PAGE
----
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Pompe Disease

Information for Physicians and
Other Health Care Providers


Pompe disease is an inherited metabolic disorder in which harmful amounts of glycogen accumulate within lysosomes of cells. Individuals with Pompe disease do not produce enough of one of the enzymes (α-glucosidase or GAA) needed to metabolize glycogen. Over time, this excessive storage of glycogen in the lysosomes can cause permanent cellular and tissue damage, particularly in the heart and skeletal muscles.

Clinical Symptoms

Infantile Pompe disease is the result of a severe deficiency of GAA. Symptoms begin in the first months of life, with feeding problems, poor weight gain, muscle weakness, and hypotonia. Hypertrophic cardiomyopathy is the hallmark of the disorder and, in the untreated patient, typically results in death by 1 year of age.

Juvenile or adult Pompe disease is the result of a less severe deficiency of GAA. Symptoms can appear as early as the first year or as late as the sixth decade of life. The disorder resembles limb girdle muscular dystrophy with symptoms including muscle weakness progressing to respiratory weakness. The heart is rarely involved and not to the extent observed in infantile Pompe disease.

Newborn Screening

Statewide screening of newborns for lysosomal storage disorders is scheduled to begin in 2014.


If a diagnosis of infantile Pompe disease is established, enzyme replacement therapy should be started as soon as possible. For patients with a diagnosis of later onset Pompe disease, clinical follow-up will determine when enzyme replacement therapy should be initiated. In addition to enzyme replacement therapy, supportive treatment such as physical therapy has an important role. Evaluation by additional medical specialists such as neurologists, pulmonologists and cardiologists may be appropriate.


The incidence of Pompe disease is estimated to be approximately one in 40,000 births.

Inheritance Pattern

Pompe disease is inherited in an autosomal recessive pattern. Parents of a child with Pompe disease are unaffected, healthy carriers of the condition, and have one normal gene and one abnormal gene. With each pregnancy, carrier parents have a 25 percent chance of having a child with Pompe disease (inheriting two copies of the abnormal gene). Carrier parents have a 50 percent chance of having a child who is an unaffected carrier, and a 25 percent chance of having an unaffected, non-carrier child. These risks would hold true for each pregnancy. Genetic counseling is recommended for families planning future pregnancies.


In Pompe disease, a lysosomal enzyme deficiency leads to an accumulation of glycogen within in the lysosomes, primarily in cardiac and skeletal muscle. The build-up of glycogen in the lysosomes causes clinical findings of the disease. Because the cytoplasmic pathway for glycogen synthesis and degradation is intact, none of the metabolic abnormalities (such as hypoglycemia or metabolic acidosis) common in patients with other forms of glycogen storage disease are observed.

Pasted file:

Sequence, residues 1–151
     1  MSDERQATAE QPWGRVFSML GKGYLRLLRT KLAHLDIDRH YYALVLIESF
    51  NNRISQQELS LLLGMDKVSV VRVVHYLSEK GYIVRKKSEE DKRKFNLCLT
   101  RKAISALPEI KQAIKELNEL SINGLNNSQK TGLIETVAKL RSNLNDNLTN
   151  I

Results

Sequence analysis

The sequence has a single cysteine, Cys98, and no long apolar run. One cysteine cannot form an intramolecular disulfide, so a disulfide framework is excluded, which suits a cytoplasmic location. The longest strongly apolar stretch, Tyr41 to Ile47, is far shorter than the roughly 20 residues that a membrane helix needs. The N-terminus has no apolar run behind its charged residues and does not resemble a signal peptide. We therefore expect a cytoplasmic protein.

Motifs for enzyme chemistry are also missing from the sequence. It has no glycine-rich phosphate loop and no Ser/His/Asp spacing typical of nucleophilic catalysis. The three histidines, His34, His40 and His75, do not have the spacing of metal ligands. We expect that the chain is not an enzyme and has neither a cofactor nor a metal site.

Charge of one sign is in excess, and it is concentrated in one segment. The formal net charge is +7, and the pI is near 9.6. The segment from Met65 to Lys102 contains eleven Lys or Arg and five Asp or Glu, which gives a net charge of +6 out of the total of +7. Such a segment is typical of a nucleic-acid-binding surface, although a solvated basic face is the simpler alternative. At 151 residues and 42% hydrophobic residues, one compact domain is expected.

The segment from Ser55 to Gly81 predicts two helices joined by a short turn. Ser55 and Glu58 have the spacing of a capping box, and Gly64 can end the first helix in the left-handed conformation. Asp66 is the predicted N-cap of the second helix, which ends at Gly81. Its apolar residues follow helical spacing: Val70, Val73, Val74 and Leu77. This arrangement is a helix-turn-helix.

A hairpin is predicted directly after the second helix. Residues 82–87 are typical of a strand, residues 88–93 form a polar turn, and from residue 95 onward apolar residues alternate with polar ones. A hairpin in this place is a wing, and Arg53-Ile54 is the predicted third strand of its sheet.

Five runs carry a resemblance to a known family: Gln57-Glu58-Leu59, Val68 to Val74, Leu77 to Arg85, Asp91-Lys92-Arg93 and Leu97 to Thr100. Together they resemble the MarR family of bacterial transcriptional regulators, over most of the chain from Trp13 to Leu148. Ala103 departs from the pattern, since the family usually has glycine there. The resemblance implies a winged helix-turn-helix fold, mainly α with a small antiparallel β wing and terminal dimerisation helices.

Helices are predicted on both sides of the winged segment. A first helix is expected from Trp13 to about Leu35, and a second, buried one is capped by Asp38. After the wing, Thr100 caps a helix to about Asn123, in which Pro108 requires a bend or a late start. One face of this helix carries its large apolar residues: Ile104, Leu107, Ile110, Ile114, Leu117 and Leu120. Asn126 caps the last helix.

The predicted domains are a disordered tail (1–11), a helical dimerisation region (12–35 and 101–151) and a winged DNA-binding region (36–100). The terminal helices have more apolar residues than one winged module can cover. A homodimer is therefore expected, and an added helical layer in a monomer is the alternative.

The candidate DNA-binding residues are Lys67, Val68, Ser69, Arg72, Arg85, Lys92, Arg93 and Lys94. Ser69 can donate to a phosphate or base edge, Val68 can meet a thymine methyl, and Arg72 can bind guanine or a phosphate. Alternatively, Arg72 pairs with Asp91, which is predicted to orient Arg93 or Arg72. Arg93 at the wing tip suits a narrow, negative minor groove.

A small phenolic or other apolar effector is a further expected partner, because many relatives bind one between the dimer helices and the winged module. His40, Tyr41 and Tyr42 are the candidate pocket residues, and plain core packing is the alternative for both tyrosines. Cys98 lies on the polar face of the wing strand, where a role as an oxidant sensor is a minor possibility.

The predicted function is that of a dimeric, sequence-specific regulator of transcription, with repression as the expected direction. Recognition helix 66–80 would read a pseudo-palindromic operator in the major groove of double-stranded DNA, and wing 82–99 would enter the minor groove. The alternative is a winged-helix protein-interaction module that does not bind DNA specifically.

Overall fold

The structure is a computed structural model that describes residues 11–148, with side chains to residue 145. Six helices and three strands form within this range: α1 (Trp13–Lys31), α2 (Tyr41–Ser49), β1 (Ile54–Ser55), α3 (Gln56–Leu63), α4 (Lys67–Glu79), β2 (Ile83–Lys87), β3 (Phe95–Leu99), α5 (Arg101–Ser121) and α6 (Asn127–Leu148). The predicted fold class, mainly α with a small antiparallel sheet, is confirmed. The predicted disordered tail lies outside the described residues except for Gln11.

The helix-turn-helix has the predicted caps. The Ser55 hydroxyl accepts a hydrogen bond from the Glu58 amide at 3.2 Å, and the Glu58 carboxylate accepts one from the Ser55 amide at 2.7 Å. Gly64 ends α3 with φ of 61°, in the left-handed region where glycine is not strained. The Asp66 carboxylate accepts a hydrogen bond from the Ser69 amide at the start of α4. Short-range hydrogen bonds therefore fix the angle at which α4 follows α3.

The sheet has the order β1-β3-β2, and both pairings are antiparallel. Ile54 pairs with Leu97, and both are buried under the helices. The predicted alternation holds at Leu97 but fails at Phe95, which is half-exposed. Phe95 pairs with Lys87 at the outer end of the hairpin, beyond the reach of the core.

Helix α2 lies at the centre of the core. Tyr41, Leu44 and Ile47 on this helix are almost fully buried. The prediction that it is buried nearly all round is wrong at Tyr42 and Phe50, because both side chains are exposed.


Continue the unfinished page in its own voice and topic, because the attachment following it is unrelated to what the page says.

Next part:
Key Points for Parents

Reassure parents that not all infants identified as having low GAA activity through newborn screening will have Pompe disease. If the infant should turn out to have Pompe disease, treatment is available which may ameliorate the clinical symptoms of the disorder. If the child needs additional testing or diagnostic evaluation, make certain the parents understand the importance of following the pediatricianís and/or specialistís recommendations for additional testing and referrals.

Follow-up After Confirmation of Diagnosis

These guidelines should be followed after a diagnosis of Pompe disease has been confirmed:

  1. Follow up with the child's metabolic disease specialist.

  2. Use a multidisciplinary approach for long-term management including specialists from pediatrics, genetics, cardiology, pulmonology and other disciplines as needed.

  3. Ensure that parents understand that treatment for Pompe disease is not curative and that morbidity cannot always be prevented.

  4. Recommend genetic counseling services to help the parents understand the complexity surrounding the carrier state and inheritance of this disease.

  5. Provide parents information on support services, such as the Acid Maltase Deficiency Association, United Pompe Foundation, early intervention service providers, the local health department, and the University of Illinois at Chicago Division of Specialized Care for Children (DSCC).

    For more information on Pompe disease, see GeneTests or Online Mendelian Inheritance in Man. For more information about newborn screening, contact the National Newborn Screening and Genetics Resource Center, 1912 W. Anderson Lane, Suite 210, Austin, TX 78757; telephone 512-454-6419; fax 512-454-6509.

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